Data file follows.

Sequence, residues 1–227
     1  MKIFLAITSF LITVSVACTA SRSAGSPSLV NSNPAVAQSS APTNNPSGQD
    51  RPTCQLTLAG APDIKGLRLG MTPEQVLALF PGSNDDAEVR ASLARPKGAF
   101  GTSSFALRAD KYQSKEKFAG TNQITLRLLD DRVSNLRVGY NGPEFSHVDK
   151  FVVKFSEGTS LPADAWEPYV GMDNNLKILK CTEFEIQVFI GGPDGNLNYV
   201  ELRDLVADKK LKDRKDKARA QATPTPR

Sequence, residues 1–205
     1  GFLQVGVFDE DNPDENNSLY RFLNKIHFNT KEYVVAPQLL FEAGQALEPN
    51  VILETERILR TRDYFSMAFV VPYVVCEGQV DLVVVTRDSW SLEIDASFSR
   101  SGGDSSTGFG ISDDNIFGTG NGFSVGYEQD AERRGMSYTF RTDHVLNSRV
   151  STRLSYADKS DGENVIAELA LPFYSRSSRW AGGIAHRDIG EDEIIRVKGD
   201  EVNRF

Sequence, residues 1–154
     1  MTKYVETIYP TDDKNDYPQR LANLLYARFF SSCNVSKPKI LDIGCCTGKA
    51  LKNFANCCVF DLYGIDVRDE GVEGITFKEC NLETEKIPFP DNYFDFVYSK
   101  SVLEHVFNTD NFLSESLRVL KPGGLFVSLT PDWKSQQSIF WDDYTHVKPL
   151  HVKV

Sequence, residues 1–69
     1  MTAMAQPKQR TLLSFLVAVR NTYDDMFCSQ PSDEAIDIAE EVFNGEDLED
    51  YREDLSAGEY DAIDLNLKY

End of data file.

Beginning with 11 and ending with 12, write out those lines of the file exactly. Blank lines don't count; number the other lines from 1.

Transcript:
   151  STRLSYADKS DGENVIAELA LPFYSRSSRW AGGIAHRDIG EDEIIRVKGD
   201  EVNRF